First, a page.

Zimbabwe’s gross domestic product drastically droppedduring Mugabe’s reign. Thegross domestic product of Zimbabwe dropped due to harming the environment in anattempt to raise the gross domestic product, the government being irresponsiblewith their money and debt issue, and the small glimmer of hope to raise their grossdomestic product rests in another country’s plan. Thereare evident environmental costs of natural resource depletion through landexhaustion.

Land was also seized from farmers without compensation, which wasunconstitutional but ultimately ignored. This affects the net exports becauseinstead of selling maize to other countries, they now have to import it fromother countries and then it does not count towards Zimbabwe’s gross domesticproduct, but to the country where the maize originates from. TheZimbabwean government constantly borrowing from other countries in order to keeptheir citizens alive increased the debt levels immensely. On top of that, theymass printed money and caused the “second most severe case of hyperinflation inhistory” (Hanke).

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This meant that every day the dollar amount was nearlydoubling, causing the government to eliminate the Zimbabwean dollar and take upthe Unites States’ currency instead. Using the American dollar prevented thecountry from yet another inflation issue. However, old habits die hard, andmore laws were broken, leading to the production of a new Zimbabwean dollar,called Zim dollars, and a new wave of hyperinflation for the poor country.With the end of Mugabe’s ruling comes a new hope ofsaving Zimbabwe from financial ruin.Focuson consumption by creating an easier way to do business.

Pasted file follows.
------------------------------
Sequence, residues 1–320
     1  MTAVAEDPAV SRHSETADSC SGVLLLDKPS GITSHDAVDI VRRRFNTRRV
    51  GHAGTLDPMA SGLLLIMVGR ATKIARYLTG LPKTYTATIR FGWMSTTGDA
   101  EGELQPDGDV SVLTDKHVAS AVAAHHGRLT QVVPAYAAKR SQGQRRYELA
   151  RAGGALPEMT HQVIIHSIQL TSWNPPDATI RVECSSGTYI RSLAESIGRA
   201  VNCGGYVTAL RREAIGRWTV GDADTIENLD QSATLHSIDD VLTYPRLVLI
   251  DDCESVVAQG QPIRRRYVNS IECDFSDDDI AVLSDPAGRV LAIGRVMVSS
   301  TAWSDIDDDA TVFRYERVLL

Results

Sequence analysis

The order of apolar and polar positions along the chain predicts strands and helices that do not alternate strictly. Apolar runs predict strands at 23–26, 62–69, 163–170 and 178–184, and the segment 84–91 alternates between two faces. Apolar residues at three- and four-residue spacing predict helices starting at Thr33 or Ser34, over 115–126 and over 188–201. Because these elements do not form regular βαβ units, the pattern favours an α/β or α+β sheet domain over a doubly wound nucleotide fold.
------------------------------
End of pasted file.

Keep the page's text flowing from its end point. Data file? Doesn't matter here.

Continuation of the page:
Theeasier it is to create a business, the more people that will create businessesand create better incomes. In turn, this will increase customer consumption andraise the gross domestic product of Zimbabwe. However, the issue of inflationand illegal land takeovers may still be a factor that can prevent growth since Mr.Mnangagwa has the possibility of continuing this terrible path due to him havingbenefitted from the previous way of ruling the country.

In order for him toprove that he is listening to the unhappy customers under his ruling, he could setthe country on that path that Singapore’s first prime minister followed: “stablemoney, no foreign aid, first world competitiveness and the protection ofprivate property and the public’s safety” (Hanke).